Alcohol is the most commonly abused substance. It is socially acceptable, and in many cases encouraged that we consume more. Alcohol is used to celebrate, congratulate, relax, let loose, toast, cheer on, and the list goes on and on. However, many forget or ignore the fact that it is a highly addictive substance, and many people throughout history have suffered from this addiction, but have found sobriety by enrolling at alcohol rehabilitation facilities.
Click here for Information on Rehab for Alcohol
Consumption becomes abuse when a person drinks more then their body can handle and they are no longer in control of their actions, thoughts, or wits. Abuse becomes alcohol addiction when an individual continually abuses despite emotional and physical harm to themselves and others. Alcoholism is the term given to describe a dependency, emotionally or physically, on the consumption of alcohol.
Alcohol is the most commonly used and widely abused psychoactive drug in the country. It is a legal drug, where its consumption is regulated by the United States government, but you can buy alcohol at bars, restaurants, grocery stores, liquor stores, and even gas stations.
The physical issues of alcoholism are both plentiful and quite serious. Alcohol damages every organ in the body, including the brain.
It seems like no matter where you go or what you do, alcohol is entrenched in our lives in one way or another. Alcohol is a regular participant in many social functions, from the office party to the wedding reception.
Alcoholism does not just affect the individual addicted to alcohol, but everything and everyone around them.
If you think your loved one may be abusing alcohol or any substance, do not turn a blind eye. Families are so fearful of the truth that a child or spouse is an alcoholic that they tend to ignore it until it can no longer be ignored because someone is injured in an auto accident, is locked up in jail, is sitting in the principal’s office at school, or is spread out on a mortician’s table.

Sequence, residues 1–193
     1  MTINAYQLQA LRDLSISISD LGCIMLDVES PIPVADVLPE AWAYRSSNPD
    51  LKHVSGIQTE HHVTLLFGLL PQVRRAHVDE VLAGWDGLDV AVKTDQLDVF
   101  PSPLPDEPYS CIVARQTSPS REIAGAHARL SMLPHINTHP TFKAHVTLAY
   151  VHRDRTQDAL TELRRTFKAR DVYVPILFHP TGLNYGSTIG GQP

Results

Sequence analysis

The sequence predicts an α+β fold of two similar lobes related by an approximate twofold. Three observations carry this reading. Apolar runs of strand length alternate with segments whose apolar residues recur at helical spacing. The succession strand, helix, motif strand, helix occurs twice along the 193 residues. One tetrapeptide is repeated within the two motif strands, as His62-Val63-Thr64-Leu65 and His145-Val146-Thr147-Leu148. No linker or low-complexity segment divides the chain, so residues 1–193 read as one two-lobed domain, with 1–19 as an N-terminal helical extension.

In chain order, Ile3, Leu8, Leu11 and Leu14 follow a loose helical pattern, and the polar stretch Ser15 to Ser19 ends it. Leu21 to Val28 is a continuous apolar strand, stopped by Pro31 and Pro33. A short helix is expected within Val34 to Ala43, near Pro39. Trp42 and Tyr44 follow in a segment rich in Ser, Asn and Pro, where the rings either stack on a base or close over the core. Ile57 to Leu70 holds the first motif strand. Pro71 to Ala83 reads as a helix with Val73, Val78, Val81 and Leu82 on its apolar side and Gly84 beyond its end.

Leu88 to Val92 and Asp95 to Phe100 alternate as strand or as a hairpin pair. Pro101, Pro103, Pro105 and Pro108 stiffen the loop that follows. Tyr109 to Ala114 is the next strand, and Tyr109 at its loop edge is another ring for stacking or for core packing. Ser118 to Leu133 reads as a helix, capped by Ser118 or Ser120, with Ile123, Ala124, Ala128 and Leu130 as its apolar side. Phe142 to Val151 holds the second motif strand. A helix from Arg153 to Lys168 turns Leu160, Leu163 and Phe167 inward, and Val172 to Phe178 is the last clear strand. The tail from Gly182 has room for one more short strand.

Although the effect of alcohol depends on the individual, the amount of alcohol consumed, and the time frame in which the alcohol is consumed, generally alcohol provides a sense of euphoria similar to other addictive “highs.”
What is Alcohol Addiction Treatment?
Alcohol addiction treatment and recovery is an ongoing process. The alcoholic will first need to undergo detox, a process of about three to seven days. This process helps a client clean the alcohol and its toxic effects from the body in a medically safe way. A person’s age, gender, and medical history are just some of the factors considered when planning out alcohol detox protocol. Some medications will likely be used during detox to help with headaches and other withdrawal symptoms.
The rehab phase of alcohol addiction treatment begins after detox. The detox and rehab are usually offered by the same facility, along with mental health counseling and family therapy services. It is not unusual for alcoholics to have mental illnesses requiring treatment, and it is also quite common for the alcoholic’s family to have become rather dysfunctional. This family dysfunction is usually linked as a cause or symptom of the very problem that landed the alcoholic in alcohol addiction treatment.
A Journey of Self-Discovery
Sometimes an alcoholic will enter alcohol addiction treatment voluntarily. Other times it will require family or friends urging them to go, whether through interventions, ultimatums, or begging and pleading. The addiction treatment process is a journey of self-discovery. The first step is to admit that the addiction is a problem that needs help.
In addiction treatment, the recovering alcoholic will explore his or her talents, past successes and failures, regrets, triumphs, hopes, fears, and above all – goals. The client will emerge from alcohol addiction treatment forward-thinking and excited about the future and all the promise it holds.